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The Queen's Throat: Opera, Homosexuality, and the Mystery of Desire (edition 1993)
The Queen's Throat: Opera, Homosexuality, and the Mystery of Desire by Wayne Koestenbaum
References to this work on external resources.
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Amazon.com Amazon.com Review (ISBN 0679749853, Paperback)Why do so many gay men love opera? What makes an "opera queen"? What is the connection between gay sexuality and the full-throated longing that emerges from the diva's mouth? In The Queen's Throat: Opera, Homosexuality, and the Mystery of Desire, self-proclaimed opera queen Wayne Koestenbaum investigates the hidden--and unexpected--mysteries that opera and sexuality produce. At once a personal meditation and an iconoclastic, highly entertaining survey of divas, The Queen's Throat is ultimately a profoundly moving, and at times curiously disturbing, investigation of the intricate interplay between art and sexuality, between beauty and eroticism. Koestenbaum is not afraid to challenge, and he more or less grabs readers by the hand to drag them, with nonstop exuberance, through the ornate, highly stylized world of diva worship. Traipsing through descriptions of classic performances, musical autobiographies, personal recollections, historical notations, and the music itself, Koestenbaum creates for us the daring, frenzied, disordered, highly sexual--and ultimately ecstatic--world of the opera queen. --Michael Bronski
(retrieved from Amazon Thu, 12 Mar 2015 18:22:03 -0400)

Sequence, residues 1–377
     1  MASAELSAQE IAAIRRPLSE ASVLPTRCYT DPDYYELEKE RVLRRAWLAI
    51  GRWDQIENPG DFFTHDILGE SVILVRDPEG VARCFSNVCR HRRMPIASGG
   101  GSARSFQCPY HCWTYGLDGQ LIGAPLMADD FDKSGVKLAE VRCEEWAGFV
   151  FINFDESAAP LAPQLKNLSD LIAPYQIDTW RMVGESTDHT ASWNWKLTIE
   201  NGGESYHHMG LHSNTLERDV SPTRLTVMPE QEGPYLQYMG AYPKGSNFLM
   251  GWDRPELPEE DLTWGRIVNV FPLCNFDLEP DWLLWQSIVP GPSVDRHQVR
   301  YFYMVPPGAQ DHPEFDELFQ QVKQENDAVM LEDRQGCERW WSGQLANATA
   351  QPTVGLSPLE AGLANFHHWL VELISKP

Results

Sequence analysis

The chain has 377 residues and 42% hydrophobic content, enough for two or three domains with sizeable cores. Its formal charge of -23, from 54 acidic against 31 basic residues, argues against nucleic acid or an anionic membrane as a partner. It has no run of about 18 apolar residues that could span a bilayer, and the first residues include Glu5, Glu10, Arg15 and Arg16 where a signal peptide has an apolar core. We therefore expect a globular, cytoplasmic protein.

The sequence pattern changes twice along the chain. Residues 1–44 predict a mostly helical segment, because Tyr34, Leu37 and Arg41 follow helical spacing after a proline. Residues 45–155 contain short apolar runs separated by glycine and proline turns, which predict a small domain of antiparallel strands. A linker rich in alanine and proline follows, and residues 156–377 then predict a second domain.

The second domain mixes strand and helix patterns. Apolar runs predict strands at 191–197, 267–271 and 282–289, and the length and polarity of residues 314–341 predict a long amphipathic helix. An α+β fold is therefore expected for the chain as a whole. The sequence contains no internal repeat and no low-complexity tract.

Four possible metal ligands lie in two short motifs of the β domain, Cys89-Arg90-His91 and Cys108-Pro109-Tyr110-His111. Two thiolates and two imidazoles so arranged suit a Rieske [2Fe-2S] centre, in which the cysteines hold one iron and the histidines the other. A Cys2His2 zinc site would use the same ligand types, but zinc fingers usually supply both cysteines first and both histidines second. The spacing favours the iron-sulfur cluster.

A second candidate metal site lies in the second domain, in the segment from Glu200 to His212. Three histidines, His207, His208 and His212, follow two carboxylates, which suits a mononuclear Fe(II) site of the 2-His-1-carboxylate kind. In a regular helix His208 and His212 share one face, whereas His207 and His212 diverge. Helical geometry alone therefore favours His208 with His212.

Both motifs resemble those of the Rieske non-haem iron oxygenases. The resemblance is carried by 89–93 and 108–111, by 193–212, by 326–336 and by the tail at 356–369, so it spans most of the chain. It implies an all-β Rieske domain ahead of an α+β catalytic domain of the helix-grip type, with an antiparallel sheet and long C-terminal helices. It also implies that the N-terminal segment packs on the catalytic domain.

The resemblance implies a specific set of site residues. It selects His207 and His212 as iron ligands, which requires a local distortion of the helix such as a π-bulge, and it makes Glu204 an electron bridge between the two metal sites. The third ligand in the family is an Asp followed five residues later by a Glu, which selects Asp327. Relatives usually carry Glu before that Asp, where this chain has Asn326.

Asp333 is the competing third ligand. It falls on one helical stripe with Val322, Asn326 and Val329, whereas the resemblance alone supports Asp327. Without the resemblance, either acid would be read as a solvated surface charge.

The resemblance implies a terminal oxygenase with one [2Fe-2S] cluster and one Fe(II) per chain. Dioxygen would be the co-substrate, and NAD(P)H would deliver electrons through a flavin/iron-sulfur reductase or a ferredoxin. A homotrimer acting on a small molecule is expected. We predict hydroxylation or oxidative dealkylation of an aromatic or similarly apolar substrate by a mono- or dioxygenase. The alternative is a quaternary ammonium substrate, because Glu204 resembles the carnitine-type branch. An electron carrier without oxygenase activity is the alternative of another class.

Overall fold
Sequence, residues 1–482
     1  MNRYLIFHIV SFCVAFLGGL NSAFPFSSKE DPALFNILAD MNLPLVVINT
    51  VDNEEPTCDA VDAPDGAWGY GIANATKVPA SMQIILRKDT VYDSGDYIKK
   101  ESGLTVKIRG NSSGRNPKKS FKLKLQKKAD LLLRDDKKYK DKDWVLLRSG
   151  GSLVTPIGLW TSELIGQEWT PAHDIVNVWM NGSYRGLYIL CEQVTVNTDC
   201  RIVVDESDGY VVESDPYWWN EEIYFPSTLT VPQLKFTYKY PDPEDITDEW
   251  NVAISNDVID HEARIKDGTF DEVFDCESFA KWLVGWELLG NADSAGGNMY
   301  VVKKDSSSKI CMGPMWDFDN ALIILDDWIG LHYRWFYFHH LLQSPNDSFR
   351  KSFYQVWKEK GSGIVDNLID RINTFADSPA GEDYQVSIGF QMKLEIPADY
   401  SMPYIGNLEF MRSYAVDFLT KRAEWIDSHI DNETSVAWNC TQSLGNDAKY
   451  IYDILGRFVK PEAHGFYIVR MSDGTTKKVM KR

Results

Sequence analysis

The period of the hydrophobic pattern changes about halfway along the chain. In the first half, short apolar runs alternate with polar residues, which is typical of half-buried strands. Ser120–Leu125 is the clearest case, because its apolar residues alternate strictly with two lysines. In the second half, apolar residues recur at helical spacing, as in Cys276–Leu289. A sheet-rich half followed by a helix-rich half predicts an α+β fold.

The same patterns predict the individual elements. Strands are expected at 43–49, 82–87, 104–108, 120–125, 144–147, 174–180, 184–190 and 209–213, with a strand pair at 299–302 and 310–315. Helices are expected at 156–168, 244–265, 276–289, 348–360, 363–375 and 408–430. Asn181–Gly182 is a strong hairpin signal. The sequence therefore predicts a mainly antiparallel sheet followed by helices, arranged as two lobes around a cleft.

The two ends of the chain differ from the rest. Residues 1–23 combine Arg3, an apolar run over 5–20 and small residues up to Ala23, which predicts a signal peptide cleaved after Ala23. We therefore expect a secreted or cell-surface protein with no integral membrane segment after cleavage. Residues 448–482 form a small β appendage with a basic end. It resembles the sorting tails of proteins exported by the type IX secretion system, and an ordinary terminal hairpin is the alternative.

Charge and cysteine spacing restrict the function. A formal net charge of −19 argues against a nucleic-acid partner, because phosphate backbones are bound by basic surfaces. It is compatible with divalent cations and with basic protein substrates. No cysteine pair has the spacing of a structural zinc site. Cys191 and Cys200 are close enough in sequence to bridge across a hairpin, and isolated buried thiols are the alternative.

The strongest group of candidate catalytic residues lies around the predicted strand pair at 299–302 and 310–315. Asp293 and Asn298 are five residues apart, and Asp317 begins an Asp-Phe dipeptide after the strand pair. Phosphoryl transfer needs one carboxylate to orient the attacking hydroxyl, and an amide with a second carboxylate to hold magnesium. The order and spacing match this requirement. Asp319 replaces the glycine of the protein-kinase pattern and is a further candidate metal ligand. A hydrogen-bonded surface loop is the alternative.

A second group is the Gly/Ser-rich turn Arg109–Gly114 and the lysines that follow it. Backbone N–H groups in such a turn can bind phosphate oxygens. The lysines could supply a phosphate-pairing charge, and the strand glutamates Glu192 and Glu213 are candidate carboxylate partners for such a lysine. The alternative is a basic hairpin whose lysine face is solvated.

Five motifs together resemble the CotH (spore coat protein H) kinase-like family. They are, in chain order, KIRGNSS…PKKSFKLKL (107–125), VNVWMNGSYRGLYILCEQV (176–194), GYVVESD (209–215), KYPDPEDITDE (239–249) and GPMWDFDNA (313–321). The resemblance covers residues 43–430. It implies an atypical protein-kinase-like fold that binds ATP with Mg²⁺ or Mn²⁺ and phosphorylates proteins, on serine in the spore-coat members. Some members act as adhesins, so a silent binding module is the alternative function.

"Until now, silence has surrounded the long-observed affinity of gay men for opera. The Queen's Throat violates the taboo, opens the closet, and shows how various and complex are the threads linking opera and homosexuality. A dazzling, innovative work that will fascinate readers of all sexual persuasions, it is a scrapbook of bright-voiced cadenzas, embroidered with candid confession, freewheeling speculation, and keen wit." "In this passionate love letter to opera, Koestenbaum brilliantly illuminates mysteries of sexuality, fandom, and obsession. Using opera as the lens to bring our yearnings and exultations into startling focus, he treats the opera queen as a trickster-oracle of whom we may ask: Why is opera the preeminent art form of the borderline, of transgression? Why have gay men sought to define themselves by mimicking divas? Why has Maria Callas attracted so much gay adulation? Why do the vocal cords seem a hiding place for sexual secrets? Is the marriage of words and music, in opera, a "queer" marriage? Is the word "queer," coming into controversial currency again, an apt description of opera's nature? And in a breathtaking finale, Koestenbaum sings back to us - in lyrical prose - a series of famous opera highlights. Here, in his "pocket guide to queer moments in opera," he provides a whirlwind demonstration of why opera matters so intensely to its devotees." "Surprisingly relevant to issues beyond the borders of opera and homosexuality, these provocative reflections also encompass manners, camp, spectacle, glamour, gossip, privacy, coming out, and a wide spectrum of sexual pleasures." "The Queen's Throat is also an elegy: writing nearly a quarter century after Stonewall, Koestenbaum communicates a haunted awareness of his separation from the earlier era of the opera queen, and his position within a far different time and generation, in a fin de siecle marked by AIDS and by changing sexual definitions and possibilities." "Exuberant and melancholy, revealing and deeply affecting, The Queen's Throat is an arresting work of literature and cultural history that will appeal to everyone interested in the meanings we give to our erotic and aesthetic experiences."--Jacket.
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